With Daniela, aged 29, unemployed and Nuno, aged 37, on sick leave from his job at a retirement home, starting a family has been a struggle.

Eye ointment, a musical mobile and a playpen alone add up to 228 euros but the village allowance will cover the cost.

"We live with my in-laws, with 800 euros a month," said Nuno. "The town's help is very important for us."


Alcoutim's baby bonus is not the first of its kind in Portugal, but it is the most generous.

Set up in August, the scheme is modest in scale: six families are currently receiving payouts, which can be claimed up until the child's third birthday.

While still young, the project appears to be bearing fruit: nine births are expected so far this year, compared to six last year. Though far less than the 23 babies born in Alcoutim in 1995, it is nonetheless progress.

Mayor Osvaldo Goncalves' goal is to "attract young people" to the hilly, riverside town "because without young people, there are no children."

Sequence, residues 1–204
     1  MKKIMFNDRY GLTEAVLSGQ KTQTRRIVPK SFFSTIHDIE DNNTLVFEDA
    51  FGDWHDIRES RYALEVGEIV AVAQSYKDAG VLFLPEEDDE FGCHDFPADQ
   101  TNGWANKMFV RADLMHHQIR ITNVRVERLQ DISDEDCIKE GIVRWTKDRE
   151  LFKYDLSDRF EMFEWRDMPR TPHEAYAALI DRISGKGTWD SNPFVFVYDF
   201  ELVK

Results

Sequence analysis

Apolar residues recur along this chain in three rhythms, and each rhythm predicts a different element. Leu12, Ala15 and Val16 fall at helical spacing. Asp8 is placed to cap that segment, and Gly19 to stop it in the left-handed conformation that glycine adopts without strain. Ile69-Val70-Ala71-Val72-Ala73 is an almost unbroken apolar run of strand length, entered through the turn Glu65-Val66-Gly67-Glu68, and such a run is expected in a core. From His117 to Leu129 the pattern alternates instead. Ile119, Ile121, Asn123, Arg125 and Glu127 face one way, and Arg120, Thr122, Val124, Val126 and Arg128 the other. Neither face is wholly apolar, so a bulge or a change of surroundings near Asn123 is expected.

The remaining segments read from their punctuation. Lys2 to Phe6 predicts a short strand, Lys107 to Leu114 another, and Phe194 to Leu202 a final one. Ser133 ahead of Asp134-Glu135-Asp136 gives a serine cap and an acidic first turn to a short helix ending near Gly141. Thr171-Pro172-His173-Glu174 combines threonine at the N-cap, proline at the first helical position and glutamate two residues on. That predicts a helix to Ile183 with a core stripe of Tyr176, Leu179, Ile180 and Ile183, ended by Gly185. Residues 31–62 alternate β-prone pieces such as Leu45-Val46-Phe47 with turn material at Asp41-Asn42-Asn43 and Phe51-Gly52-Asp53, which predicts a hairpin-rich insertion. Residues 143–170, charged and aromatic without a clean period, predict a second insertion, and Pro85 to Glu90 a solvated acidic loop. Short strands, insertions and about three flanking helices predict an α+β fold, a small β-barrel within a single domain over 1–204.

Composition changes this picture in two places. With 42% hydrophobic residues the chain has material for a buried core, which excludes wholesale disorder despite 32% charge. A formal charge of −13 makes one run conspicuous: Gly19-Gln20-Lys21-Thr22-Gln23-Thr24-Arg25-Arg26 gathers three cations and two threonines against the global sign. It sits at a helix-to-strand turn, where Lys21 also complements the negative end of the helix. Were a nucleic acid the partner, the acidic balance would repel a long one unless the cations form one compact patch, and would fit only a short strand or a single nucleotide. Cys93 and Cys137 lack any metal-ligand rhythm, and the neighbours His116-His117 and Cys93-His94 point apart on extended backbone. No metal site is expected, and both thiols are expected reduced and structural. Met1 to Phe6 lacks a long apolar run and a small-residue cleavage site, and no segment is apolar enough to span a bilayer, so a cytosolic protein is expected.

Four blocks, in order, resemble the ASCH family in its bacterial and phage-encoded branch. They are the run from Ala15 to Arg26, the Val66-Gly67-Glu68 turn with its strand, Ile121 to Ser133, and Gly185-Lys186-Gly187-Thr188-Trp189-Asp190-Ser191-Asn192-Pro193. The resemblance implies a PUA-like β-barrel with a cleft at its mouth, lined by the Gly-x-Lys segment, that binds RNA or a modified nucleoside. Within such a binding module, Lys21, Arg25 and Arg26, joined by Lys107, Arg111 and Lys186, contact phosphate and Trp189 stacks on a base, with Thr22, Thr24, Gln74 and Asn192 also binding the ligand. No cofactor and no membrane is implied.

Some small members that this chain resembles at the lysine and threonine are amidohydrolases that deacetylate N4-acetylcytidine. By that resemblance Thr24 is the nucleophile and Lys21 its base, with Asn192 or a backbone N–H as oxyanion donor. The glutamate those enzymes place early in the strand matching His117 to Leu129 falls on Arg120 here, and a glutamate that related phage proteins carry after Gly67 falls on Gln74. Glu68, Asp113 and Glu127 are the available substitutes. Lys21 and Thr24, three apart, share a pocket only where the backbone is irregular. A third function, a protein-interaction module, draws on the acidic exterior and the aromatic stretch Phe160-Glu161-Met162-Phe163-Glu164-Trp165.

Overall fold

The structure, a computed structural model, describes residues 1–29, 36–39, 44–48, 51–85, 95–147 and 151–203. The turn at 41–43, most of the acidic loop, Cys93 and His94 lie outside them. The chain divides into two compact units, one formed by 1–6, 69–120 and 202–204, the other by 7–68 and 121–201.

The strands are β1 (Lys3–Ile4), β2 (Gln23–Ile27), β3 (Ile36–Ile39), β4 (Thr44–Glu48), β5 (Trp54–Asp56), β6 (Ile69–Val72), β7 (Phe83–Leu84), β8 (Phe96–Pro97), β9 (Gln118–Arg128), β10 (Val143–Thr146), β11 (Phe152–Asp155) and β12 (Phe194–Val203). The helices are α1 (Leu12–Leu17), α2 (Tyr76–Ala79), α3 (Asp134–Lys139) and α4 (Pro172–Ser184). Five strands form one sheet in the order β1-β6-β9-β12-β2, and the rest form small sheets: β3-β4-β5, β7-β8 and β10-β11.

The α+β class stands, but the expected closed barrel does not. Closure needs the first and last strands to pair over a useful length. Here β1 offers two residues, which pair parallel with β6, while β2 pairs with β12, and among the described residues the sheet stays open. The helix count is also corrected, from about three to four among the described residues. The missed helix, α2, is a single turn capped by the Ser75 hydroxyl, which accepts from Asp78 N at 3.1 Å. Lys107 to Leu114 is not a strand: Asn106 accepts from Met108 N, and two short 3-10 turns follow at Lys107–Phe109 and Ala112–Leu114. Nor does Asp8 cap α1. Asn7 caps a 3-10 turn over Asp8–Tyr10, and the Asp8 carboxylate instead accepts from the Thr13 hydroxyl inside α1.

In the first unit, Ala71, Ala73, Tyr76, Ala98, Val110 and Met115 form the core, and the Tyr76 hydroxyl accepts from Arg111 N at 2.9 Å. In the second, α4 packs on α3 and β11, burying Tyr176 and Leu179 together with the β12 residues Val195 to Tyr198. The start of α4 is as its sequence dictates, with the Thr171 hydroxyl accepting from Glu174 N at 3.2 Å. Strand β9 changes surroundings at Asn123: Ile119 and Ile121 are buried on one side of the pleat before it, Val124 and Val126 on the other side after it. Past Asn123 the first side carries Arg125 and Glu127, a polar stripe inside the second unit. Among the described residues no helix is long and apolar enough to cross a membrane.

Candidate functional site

This age group particularly suffered in the financial crisis that forced Portugal to accept a €78bn international bailout in 2011.

While its deficit is now under control and tourists are coming in record numbers, unemployment still stands at 13.7% and amongst young people, that rate is a third.

Antonio, aged 34, and his partner Jessica, aged 22, were Alcoutim's first couple to benefit from the program, which has covered most of their daily expenses for nine-month-old Martim.